The news of a continued blackout in Siddharth colony in Mumbai’s Chembur has been doing rounds for years until now. The residents of the Siddharth colony have failed to pay their electricity bills since 2006 and their dues have now mounted for up to Rs 99 crore. Adani Electricity has disconnected its power supply for nine hours during the day owing to the non-payment of the dues. The residents of the colony have now taken to protests.
The history of non-payement of dues
Several residents of Chembur’s Siddharth Colony have taken to protests after the electricity supply to the colony was cut by the provider Adani electricity. This came after it was repeatedly realised by the company that the residents have failed to pay their electricity dues for 16 years from now.
The Times of India has reported that the pending electricity bills along with the penalty have mounted up to Rs 99 crores. According to Adani Electricity, electricity connections of the defaulted customers have been disconnected in the past but were later restored on humanitarian grounds. In August 2019, the power supply to the society was restored on an assurance that regular payments will be made from then onwards while past dues will be paid within three months. However, the residents of the society did not budge.
Earlier in 2018 also, the then electricity supplier Reliance energy had to face a similar hurdle to receive the power dues from the residents of Siddharth society. It was reported that the housing society which houses more than 20,000 residents had to face the action of Reliance electricity when the company cut the power supply for three days. In 2018, the dues mounted for 63 crores.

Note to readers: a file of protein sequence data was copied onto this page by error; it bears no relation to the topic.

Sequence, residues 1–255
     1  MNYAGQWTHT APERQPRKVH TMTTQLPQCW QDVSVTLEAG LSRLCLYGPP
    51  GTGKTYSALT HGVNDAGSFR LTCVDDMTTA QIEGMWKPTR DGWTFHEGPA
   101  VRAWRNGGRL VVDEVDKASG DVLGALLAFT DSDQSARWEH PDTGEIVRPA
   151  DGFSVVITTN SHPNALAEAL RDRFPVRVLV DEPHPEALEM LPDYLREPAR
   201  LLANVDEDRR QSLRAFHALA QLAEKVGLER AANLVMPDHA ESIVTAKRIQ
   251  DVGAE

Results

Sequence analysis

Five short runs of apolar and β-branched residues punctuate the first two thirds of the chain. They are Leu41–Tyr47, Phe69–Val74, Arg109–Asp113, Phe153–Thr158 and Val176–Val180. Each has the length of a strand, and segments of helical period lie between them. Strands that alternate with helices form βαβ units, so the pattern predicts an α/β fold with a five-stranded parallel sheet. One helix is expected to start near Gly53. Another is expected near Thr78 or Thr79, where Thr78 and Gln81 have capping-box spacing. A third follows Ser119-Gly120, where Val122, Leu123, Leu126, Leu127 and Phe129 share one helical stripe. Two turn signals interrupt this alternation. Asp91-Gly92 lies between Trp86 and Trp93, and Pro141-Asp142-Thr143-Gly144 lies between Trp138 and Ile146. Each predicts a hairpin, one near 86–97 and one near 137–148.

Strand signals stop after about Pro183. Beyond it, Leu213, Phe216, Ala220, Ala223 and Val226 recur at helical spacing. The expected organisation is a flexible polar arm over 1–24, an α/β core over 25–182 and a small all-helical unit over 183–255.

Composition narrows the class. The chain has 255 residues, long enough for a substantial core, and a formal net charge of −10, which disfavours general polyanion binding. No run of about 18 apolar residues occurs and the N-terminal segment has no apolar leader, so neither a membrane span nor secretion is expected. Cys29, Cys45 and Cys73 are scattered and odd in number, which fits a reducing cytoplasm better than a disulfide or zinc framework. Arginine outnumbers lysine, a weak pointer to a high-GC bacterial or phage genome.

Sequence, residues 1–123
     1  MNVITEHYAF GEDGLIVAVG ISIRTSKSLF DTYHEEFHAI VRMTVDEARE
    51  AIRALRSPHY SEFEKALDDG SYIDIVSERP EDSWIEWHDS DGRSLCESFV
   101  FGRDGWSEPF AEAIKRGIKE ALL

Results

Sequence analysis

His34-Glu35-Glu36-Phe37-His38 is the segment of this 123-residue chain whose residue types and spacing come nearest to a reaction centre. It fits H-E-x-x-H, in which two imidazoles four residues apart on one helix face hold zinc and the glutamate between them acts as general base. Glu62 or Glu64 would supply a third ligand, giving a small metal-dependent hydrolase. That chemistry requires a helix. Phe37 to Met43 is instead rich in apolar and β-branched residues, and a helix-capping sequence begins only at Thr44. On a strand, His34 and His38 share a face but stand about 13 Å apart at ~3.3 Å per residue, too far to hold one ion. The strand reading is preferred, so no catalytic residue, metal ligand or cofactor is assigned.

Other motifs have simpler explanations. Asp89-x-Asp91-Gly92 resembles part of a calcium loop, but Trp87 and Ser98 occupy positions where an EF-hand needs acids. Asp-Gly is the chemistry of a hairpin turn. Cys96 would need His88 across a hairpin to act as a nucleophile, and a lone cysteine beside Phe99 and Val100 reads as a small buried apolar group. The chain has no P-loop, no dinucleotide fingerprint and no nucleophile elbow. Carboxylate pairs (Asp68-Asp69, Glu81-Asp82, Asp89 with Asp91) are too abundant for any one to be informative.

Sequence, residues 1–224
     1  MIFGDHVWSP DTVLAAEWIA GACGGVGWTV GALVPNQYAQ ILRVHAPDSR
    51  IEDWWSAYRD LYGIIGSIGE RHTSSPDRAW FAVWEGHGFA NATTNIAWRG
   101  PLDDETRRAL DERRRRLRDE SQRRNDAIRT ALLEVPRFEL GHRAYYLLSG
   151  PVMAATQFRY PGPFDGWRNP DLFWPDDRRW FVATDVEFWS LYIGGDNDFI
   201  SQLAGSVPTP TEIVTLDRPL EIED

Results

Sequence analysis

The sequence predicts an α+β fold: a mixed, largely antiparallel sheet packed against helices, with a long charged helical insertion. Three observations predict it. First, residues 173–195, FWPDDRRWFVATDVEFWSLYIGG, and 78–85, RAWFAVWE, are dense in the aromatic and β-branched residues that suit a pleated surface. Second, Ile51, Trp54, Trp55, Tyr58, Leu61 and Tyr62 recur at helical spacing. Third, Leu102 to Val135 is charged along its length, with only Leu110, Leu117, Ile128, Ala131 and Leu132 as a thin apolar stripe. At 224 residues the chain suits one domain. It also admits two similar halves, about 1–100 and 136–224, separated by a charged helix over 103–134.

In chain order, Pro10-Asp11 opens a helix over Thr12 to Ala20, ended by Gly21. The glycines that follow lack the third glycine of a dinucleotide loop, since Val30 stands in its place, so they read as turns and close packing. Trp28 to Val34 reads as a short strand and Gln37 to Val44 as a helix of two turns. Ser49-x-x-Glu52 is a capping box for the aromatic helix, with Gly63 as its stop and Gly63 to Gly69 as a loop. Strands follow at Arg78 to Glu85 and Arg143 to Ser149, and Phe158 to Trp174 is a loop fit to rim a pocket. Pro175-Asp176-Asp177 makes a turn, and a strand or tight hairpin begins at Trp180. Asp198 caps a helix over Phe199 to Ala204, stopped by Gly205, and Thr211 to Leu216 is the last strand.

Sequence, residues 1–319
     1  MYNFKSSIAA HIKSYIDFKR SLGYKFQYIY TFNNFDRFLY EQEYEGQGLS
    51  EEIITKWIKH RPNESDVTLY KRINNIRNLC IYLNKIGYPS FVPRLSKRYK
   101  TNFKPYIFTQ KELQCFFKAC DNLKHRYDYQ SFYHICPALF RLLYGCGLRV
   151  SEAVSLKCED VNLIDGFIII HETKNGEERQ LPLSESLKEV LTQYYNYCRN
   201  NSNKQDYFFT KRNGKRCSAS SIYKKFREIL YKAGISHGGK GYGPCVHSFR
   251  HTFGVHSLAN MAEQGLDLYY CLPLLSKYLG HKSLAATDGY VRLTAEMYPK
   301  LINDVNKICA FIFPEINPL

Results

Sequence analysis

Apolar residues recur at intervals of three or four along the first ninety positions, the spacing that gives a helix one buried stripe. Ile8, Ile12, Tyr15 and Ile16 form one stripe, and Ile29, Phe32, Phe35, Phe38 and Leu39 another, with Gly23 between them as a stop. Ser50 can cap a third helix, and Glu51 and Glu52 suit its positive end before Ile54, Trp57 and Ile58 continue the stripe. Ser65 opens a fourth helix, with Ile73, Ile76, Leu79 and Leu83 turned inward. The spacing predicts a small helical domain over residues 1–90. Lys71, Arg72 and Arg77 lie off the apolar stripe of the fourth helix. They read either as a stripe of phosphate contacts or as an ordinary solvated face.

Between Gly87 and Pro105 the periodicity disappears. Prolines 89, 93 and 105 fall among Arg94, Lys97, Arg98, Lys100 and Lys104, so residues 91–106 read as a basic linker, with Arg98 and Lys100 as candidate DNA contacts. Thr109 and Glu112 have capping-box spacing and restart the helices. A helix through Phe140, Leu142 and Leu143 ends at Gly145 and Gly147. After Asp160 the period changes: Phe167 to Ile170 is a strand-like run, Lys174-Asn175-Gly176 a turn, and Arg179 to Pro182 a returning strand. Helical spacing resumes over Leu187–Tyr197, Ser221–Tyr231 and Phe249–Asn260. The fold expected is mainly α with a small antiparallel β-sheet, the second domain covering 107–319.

Despite repeated actions and warnings, the residents of Siddharth Society are adamant about not clearing previous dues despite the fact that electricity was consumed by them. Also, the residents have made repeated assurances of unhindered payment of current electricity bills but have failed to do so as well.
What Electricity distributers have to say
In 2018, Reliance Energy, as an electricity distributor, had disconnected the electricity supply to Siddharth Colony for non-payment of dues for 12 years. After repeated notices and warnings, Reliance took the decision of cutting the power supply which was restored later after a protest. An official from the company had said that they are strict at that time about recovering all the arrears. “If the residents couldn’t pay, they had to find a way. Because of Siddharth colony residents, other customers were paying higher tariffs,” he added while responding to the situation.
A similar scenario has prevailed today in 2002 while despite a coercive action of repeated power cuts by the new energy distributor – Adani Electricity, the residents are not ready to pay their dues. The collective dues for the society have now mounted to Rs 99 crores to this day. An Adani official while speaking to the TOI added, “Despite multiple relaxations, several notices and reminders, consumers from Siddharth Colony and Shuddhodhan Nagar have not cleared their outstanding dues and continue to default on their current dues as well. This puts an unnecessary tariff burden on our regular paying consumers and such a situation is unacceptable.” The official further asserted that the company is obligated and constrained to initiate mass disconnection against the defaulters in the interest of their regular paying consumers.